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9 January 1908
14 April 1986
Writer, intellectual, existentialist philosopher, political activist, feminist, and social theorist
9 January 1908 – 14 April 1986
Simone de Beauvoir was a French writer, philosopher, and feminist, a member of the intellectual fellowship of philosopher-writers who have given a literary transcription to the themes of existentialism.
Beauvoir was born on 9 January 1908 into a bourgeois Parisian family. Schooled in private institutions, Beauvoir attended the Sorbonne, where in 1929 she passed her agrégation in philosophy and met Jean-Paul Sartre, beginning a lifelong association with him. She taught at a number of schools (1931–43) before turning to writing for her livelihood. In 1945 she and Sartre founded and began editing Le Temps modernes, a monthly review.
Simone de Beauvoir wrote works of philosophy, novels, memoirs, essays, short stories, and journal articles. Her best-known work is The Second Sex (1949), a classic of contemporary feminist literature. Others of her works include the treatise The Ethics of Ambiguity (1947), the novel The Mandarins (1954), and Memoirs of a Dutiful Daughter (1958).
Simone de Beauvoir is known primarily for her treatise The Second Sex (1949), a scholarly and passionate plea for the abolition of what she called the myth of the “eternal feminine”; the book became a classic of feminist literature. Beauvoir's emphasis on the fact that women need access to the same kinds of activities and projects as men places her to some extent in the tradition of liberal, or second-wave feminism. She demands that women be treated as equal to men and laws, customs and education must be altered to encourage this.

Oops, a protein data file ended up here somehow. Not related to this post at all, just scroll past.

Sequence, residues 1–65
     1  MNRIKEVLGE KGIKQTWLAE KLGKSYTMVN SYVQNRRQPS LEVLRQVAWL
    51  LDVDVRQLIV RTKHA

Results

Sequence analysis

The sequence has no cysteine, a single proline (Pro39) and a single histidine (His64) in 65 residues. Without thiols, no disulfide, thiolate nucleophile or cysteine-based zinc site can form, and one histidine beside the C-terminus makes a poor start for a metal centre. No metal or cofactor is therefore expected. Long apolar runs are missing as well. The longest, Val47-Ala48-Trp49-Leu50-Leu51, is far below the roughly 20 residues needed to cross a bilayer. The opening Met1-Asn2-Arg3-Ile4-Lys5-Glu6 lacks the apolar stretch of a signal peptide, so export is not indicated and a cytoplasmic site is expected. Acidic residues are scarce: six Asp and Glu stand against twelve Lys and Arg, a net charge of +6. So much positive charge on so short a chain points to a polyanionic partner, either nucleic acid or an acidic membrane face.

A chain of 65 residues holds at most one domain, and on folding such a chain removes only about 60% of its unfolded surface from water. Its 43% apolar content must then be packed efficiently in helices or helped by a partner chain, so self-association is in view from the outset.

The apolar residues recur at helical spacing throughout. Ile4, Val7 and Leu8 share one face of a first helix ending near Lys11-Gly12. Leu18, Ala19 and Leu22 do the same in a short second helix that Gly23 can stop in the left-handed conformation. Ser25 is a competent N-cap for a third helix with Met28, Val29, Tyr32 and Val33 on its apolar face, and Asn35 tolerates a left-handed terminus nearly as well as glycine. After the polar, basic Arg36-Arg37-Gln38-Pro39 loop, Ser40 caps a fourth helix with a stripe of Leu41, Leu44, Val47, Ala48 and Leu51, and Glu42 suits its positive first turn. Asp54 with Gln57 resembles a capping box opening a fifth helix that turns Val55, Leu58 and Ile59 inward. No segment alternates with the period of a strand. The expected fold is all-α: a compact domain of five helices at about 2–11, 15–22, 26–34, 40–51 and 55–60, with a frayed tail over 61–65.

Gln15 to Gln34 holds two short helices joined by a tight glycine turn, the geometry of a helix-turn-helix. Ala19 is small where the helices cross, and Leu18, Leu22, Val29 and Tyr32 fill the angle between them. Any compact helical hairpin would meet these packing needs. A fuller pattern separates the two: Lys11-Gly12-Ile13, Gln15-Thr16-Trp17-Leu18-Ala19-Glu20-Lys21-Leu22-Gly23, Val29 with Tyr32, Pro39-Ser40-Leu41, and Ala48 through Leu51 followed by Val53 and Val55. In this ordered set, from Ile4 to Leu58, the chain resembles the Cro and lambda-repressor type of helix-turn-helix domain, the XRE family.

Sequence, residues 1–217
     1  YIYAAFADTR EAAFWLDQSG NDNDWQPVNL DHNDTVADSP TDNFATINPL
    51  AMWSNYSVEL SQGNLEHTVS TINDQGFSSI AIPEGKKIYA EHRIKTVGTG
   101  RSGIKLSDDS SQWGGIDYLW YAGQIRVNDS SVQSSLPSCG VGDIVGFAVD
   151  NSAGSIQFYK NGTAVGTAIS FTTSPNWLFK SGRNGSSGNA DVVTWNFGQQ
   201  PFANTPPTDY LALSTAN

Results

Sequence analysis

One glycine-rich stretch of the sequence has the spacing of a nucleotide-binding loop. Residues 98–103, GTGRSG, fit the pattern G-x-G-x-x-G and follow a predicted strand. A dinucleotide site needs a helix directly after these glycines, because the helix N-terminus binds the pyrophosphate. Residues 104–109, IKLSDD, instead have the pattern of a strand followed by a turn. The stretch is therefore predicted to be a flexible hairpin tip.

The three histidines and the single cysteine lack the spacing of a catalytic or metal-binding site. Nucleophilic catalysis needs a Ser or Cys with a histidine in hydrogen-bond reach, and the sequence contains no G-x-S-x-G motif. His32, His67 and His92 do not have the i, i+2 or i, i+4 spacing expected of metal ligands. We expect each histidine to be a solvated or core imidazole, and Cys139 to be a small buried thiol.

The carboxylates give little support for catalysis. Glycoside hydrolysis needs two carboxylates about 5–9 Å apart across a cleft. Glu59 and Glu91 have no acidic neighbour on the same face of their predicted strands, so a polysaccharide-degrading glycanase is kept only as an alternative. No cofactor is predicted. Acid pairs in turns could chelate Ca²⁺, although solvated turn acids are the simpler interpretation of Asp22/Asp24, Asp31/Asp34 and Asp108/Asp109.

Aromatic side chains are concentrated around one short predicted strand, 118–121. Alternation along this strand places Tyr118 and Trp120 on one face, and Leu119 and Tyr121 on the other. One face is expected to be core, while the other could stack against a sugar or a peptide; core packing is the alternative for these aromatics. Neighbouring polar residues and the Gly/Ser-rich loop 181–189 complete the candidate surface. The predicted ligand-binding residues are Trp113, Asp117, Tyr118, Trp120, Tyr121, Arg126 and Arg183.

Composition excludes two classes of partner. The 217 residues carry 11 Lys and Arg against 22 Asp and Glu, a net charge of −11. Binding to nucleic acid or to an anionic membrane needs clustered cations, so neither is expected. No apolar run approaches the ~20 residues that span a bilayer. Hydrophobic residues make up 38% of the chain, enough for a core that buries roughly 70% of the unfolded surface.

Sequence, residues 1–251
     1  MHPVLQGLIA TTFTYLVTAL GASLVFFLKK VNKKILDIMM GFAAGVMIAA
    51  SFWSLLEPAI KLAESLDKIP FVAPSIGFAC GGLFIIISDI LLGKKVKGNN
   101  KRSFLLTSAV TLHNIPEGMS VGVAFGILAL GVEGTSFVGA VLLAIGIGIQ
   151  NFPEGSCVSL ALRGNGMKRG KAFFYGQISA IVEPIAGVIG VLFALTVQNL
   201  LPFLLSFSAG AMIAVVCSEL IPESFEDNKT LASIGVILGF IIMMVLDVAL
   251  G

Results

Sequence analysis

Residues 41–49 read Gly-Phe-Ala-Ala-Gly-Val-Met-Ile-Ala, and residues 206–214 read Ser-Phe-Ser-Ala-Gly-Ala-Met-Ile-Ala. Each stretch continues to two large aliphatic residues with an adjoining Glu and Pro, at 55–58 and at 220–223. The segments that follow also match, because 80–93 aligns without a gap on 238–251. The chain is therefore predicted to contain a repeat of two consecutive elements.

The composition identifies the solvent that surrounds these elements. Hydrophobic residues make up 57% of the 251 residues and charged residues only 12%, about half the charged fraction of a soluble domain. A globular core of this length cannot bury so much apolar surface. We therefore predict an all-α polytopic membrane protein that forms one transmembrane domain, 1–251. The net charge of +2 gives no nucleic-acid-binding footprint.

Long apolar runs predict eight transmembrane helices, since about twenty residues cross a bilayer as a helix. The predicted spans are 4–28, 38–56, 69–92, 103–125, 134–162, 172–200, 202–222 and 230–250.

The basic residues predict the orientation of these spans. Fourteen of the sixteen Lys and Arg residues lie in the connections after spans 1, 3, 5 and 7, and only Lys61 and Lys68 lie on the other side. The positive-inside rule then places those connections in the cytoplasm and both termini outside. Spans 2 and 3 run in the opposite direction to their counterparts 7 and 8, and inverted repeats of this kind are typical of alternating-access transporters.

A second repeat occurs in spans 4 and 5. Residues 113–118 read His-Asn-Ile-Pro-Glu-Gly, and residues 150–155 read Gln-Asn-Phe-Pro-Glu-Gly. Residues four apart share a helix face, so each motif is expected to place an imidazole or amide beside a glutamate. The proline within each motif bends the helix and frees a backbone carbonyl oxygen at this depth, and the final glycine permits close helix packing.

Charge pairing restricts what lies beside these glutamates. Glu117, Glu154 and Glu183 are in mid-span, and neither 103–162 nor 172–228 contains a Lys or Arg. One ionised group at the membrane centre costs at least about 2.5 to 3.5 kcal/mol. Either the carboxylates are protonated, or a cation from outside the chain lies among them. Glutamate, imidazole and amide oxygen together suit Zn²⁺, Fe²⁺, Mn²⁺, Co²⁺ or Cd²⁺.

Simone de Beauvoir was probably best known as a novelist, and a feminist thinker and writer, but she was also an existentialist philosopher in her own right. Beauvoir maintains the existentialist belief in absolute freedom of choice and the consequent responsibility that such freedom entails, by emphasizing that one's projects must spring from individual spontaneity and not from an external institution, authority, or person.
Beauvoir died of pneumonia on 14 April 1986 in Paris, aged 78. She is buried next to Sartre at the Montparnasse Cemetery in Paris. She was honored as a figure at the forefront of the struggle for women's rights around the time of her passing.
“I am too intelligent, too demanding, and too resourceful for anyone to be able to take charge of me entirely. No one knows me or loves me completely. I have only myself”
“One's life has value so long as one attributes value to the life of others.”
“One is not born, but rather becomes, a woman.”